The Art of Lost Wax Casting

by Rebecca Tassell

Just behind the Basillica of Santa Croce sits a quaint artisan shop filled with true Florentine jewelry designs. Inside you will find the works of DFG Firenze aka “The Bottega.” The three owners, Roberto Dorovandi, Riccardo Filippini and Stefano Gabrieli, opened the shop in 1995 and have since been perfecting the art of the Lost Wax Process of jewelry casting, as well as creating their own designs.

They opened their doors to my wax carving classmates and me. As a newcomer to jewelry design, I found the whole process very intriguing. An immaculately organized shop with one buzzing machine after another, The Bottega was the perfect setting to learn the trade.



The purpose of this process is to quickly reproduce a metal model of the original wax design. Easier said than done. Once there is a metal model, the vulcanizer can be used to create a rubber mold of your piece. The rubber mold is taken to the wax injector, which does exactly what it’s name implies. By injecting wax into the mold you can quickly reproduce multiple wax models and compile them onto a “sprue”.  Soon I’ll be able to use these machines in class to design a cuff made of tiny leaves.

After Stefano showed us the vulcanizer and wax injector we moved onto the vacuum casting and centrifugal machine, which mixes “investment”, a fancy term for a paste made of plaster and water. The investment is poured over the sprue, which has been placed inside a water-tight metal flask. Once poured over, a vacuum suction removes all air bubbles from the plaster so that it hardens correctly.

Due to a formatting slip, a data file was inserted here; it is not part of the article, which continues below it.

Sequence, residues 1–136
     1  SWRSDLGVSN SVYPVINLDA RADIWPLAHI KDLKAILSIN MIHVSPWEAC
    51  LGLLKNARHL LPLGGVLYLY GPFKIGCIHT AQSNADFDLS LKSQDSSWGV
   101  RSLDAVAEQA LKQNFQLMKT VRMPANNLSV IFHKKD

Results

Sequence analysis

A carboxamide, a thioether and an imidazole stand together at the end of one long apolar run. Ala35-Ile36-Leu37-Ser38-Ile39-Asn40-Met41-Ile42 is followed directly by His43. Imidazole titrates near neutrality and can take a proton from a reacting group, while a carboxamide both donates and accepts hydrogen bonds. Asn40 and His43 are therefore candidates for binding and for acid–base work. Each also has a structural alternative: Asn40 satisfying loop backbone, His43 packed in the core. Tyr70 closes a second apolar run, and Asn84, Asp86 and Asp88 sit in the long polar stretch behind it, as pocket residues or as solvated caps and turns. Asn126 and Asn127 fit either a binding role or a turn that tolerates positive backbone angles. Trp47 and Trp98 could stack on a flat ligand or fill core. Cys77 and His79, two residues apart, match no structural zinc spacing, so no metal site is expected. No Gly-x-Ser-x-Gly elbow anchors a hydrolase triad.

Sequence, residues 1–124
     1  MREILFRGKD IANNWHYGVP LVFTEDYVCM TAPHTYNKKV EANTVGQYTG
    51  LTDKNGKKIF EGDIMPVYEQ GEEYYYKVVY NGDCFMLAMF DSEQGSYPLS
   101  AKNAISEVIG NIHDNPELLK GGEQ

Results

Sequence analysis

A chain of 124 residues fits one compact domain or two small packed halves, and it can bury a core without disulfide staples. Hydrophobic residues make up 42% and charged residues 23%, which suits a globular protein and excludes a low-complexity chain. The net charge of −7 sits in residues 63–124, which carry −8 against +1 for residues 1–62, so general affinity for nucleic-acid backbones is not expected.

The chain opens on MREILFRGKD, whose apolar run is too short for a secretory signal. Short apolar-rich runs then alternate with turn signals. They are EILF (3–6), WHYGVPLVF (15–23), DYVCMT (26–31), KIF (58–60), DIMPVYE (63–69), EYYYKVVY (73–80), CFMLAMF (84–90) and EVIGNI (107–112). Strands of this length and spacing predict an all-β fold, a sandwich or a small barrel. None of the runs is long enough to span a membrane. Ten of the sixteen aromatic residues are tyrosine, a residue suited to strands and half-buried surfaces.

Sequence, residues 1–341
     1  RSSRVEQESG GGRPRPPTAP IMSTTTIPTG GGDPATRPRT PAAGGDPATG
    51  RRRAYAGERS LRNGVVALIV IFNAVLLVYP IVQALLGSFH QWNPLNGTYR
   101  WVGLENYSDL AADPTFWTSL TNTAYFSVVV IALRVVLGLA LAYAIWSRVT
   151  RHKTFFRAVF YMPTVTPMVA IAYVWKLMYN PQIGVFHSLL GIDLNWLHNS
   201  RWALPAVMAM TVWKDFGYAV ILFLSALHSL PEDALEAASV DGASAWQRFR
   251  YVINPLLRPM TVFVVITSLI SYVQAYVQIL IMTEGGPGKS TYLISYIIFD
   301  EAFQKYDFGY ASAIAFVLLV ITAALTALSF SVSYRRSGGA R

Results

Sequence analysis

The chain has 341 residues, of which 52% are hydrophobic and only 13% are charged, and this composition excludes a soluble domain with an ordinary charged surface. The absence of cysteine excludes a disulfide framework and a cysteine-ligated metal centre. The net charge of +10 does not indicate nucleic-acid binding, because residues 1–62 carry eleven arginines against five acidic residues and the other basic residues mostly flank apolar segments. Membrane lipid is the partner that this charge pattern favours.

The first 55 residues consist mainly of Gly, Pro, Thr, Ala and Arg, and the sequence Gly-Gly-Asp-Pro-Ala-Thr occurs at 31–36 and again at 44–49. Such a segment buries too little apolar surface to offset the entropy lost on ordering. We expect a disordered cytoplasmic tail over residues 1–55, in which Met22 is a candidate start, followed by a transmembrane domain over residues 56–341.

The investment, with the wax model inside, is then moved to the kiln and gradually heated over a span of twelve hours until it reaches 700º Celsius (1,292º F for Americans)! Stefano leaves the molds in overnight so they’re ready when he gets to work the next morning. As the investment is heated and dried, the wax melts completely, leaving an empty space in the shape of the model.

Finally, the investment mold is placed in the metal injector. The metal liquefies and fills the empty space in the investment. Stefano prefers to leave the flask to cool for 5 minutes before picking it up and running it under water. The shock to the very hot metal when the cold water hits the flask causes the investment to break. Voila! The metal models are created.

It was exciting to see how the shop works and to get a thorough understanding of the lost wax process. An art that takes much practice and patience, but a necessity for design replication. I’m glad we had the opportunity to experience the process first-hand with the guidance of such dedicated professionals who love their work!





Becca Tassell is in the Jewelry Design certificate program at Lorenzo de’ Medici. She graduated from Brown University in 2012 and was working in New York City for three years in fashion E-Commerce. After completing LdM’s jewelry design program Becca plans to work as a jewelry designer (preferably in Europe) before starting her own company.